The Ex-Peter Whitehead, John Bekaert, Bill de Selincourt,1959 Lister-Jaguar "Knobbly" 3.8-Litre Sports-Racing Two-Seater  Chassis no. BHL 103
Jaguar's A-Listers

Bonhams Magazine

Issue 57, Winter 2018

Page 3

Brian Lister's motor cars dominated the racing scene. Richard Holt salutes a pair of Lister's idiosyncratic machines

Lister has a history of making fast cars even faster. It has been back in the news lately, as deliveries begin of its new bespoke version of Jaguar's F-Type SVR – a very quick car which is now exceptionally fast – as well as more exclusive, due to a limited production run.

Some of the most lusted-after cars of the 1980s were the Lister versions of Jaguar's XJ-S. But for the truly fabled Listers, you have to go back to an earlier chapter in the company's history. In the late 1950s, a series of Lister-bodied cars with Jaguar mechanicals took the international motor-racing circuit by storm. On the rare occasion these cars come up for auction, interest is high, and Bonhams is offering not one, but two of them.

The car designer Brian Lister began using his father's Cambridge-based wrought-iron shop, George Lister and Sons, as premises from which to launch his racing ambitions in the early 1950s. He worked first with MG, then Bristol, producing low-weight chassis in combination with aerodynamic bodywork to record some early success. But he won his first real acclaim in 1957, when Jaguar boss, William Lyons, offered him access to engines and gearboxes from the world-beating D-Type.

Lister built a light tubular steel chassis around the Jaguar powertrain and fashioned an equally lightweight aluminum body. The bodywork curved around the wheels in pronounced humps, so the car was given the nickname 'Knobbly', which stuck. The name doesn't make the car sound very beautiful, but the way those metal curves sit over the wheels gives the Knobbly a distinctive, animalistic look.

Looks count for little in racing, though. Luckily, the Knobbly wasn't just a pretty face, becoming one of the most dominant cars in motor-racing history. It recorded wins around the world at the hands of drivers such as Stirling Moss and Archie Scott Brown.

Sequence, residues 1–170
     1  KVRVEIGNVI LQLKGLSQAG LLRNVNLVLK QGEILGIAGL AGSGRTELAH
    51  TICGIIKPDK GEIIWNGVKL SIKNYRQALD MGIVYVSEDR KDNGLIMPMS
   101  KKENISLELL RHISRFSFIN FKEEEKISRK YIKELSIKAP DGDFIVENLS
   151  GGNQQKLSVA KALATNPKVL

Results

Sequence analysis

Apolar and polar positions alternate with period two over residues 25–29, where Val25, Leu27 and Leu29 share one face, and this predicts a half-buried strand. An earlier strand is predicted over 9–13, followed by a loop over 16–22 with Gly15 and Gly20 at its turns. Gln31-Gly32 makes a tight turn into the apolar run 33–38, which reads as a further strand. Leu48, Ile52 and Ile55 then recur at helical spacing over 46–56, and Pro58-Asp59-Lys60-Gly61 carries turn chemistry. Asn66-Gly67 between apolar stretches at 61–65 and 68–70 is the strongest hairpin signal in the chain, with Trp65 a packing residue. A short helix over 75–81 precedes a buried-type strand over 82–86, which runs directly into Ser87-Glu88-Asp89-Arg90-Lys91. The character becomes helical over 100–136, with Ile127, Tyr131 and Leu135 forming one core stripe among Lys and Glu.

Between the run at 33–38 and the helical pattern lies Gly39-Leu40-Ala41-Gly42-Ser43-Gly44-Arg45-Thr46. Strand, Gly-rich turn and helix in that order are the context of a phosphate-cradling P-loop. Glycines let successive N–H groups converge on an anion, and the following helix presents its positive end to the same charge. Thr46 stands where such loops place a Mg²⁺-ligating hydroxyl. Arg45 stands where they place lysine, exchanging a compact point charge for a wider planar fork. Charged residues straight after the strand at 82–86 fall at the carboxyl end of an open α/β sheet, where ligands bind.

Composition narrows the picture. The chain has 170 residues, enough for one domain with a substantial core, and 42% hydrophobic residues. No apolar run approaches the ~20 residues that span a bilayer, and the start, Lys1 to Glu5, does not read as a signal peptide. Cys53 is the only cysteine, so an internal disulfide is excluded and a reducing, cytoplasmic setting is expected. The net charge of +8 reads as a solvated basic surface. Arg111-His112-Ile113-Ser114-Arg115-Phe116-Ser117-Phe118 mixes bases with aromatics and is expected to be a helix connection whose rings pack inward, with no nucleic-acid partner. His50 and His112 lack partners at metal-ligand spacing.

Just 50 were made, one of which is being offered in the Bond Street sale in December. It is part of a collection of classics in the sale, along with a Jaguar XJ220C and an XJR6, as well as an Aston Martin Short Chassis Volante.

The second Lister-Jaguar, offered in the Scottsdale Auction in January, is rarer still – one of just 11 examples built. Fresh from his success with the Knobbly, Lister employed the services of Frank Costin. Costin was a pioneering aerodynamicist, who had learnt a lot about airflow by designing aeroplane wings during the war, Lister put Costin to work designing new bodywork for his Jaguar-powered cars. The visual difference is remarkable – in making the body more aerodynamic, Costin also made the car noticeably less knobbly. The first customer for the Costin-bodied cars was Briggs Cunningham, who just happened to be one of the key figures in US motor-racing history. A founding member of the Sports Car Club of America, Cunningham was a wealthy heir who became a successful yachtsman and then a racing driver, before turning his hand to importing luxury cars and running an incredibly successful racing team.

Cunningham's team had already tasted success with Knobbly Lister-Jaguars. For the 1959 racing season, he bought the first two Costin-bodied cars. The second one built is in the Scottsdale Auction. It was first raced at the 1959 edition of the 12 Hours of Sebring, with Ivor Bueb and Stirling Moss sharing driving duties. The car held its own against the rival Ferraris and Aston Martins until it ran out of fuel on track. The impetuous Moss tried to bend the rules to get it refueled and the team was disqualified.

Later that year, the car was driven to victory by US driver Walt Hansgen in the Sports Car Club of America's 1959 C-Modified national championship. After it was sold by Cunningham, the car went on to have a long and successful career in vintage car racing. When it was last offered for sale in 2010, it achieved $1.1 million – at the time, a record for a Lister.

Brian Lister largely withdrew from motor racing after his success with the Costin-bodied cars. He was disillusioned by the deaths of drivers that he was close to and decided to concentrate his efforts on non-automotive engineering. But his brief contribution was a major one. Jaguar was one of the most successful manufacturers in 1950s motor racing, and Cunningham one of the most important racing teams of the era. Right in the middle was Lister.

It is not often that rare pieces of motoring history come to auction, let alone a brace of masterpieces such as these beautiful Lister-Jaguars. The modern Lister Motor Company has plans for further exciting models, but has also in recent years added to the 'continuation' trend by releasing a limited series of new, lightly tweaked versions of its 1950s racers. It is by no means the first company to leverage its past in this way, but this is definitely a sensible move. Because however good the new Listers may be, they have a hell of a lot to live up to.

Richard Holt writes about classic cars and fine watches for The Daily Telegraph, The Wall Street Journal and Motor Sport.

Sales: The Bond Street Sale
101 New Bond Street, London
Saturday 1 December at 1pm
Enquiries: Tim Schofield
+44 (0) 20 7468 5804

The Scottsdale Auction
The Westin Kierland Resort
Thursday 17 January at 11am
Enquiries: Jakob Greisen
+1 415 503 3284

  1. Tim Schofield
    101 New Bond Street
    London, United Kingdom W1S 1SR
    Work +44 20 7468 5804
    FaxFax: +44 20 7468 5802

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